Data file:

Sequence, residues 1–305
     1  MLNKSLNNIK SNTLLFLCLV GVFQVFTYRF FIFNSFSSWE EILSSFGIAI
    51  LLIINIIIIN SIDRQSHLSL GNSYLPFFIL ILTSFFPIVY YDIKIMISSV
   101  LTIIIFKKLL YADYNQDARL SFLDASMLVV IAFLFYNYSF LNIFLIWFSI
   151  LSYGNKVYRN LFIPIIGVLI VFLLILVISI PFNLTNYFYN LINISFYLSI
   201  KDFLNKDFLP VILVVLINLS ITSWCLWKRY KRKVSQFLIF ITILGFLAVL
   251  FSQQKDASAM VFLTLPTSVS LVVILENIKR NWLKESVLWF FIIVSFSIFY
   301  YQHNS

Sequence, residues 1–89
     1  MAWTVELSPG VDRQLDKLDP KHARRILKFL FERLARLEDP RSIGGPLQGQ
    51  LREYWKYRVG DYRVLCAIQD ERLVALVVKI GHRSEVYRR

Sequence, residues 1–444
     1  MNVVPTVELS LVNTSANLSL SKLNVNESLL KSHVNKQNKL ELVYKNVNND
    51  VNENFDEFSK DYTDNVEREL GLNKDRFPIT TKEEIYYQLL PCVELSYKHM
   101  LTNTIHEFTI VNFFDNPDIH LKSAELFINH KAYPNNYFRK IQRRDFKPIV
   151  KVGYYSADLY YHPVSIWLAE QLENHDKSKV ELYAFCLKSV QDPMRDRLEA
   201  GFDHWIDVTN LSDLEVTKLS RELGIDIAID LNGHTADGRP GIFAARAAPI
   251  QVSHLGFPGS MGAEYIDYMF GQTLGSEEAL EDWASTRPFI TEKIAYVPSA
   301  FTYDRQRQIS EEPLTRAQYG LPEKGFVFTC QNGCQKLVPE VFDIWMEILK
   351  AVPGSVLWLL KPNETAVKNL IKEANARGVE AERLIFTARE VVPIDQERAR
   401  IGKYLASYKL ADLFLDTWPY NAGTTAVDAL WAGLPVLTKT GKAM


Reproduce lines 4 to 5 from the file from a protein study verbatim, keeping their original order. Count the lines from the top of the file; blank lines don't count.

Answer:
   101  LTIIIFKKLL YADYNQDARL SFLDASMLVV IAFLFYNYSF LNIFLIWFSI
   151  LSYGNKVYRN LFIPIIGVLI VFLLILVISI PFNLTNYFYN LINISFYLSI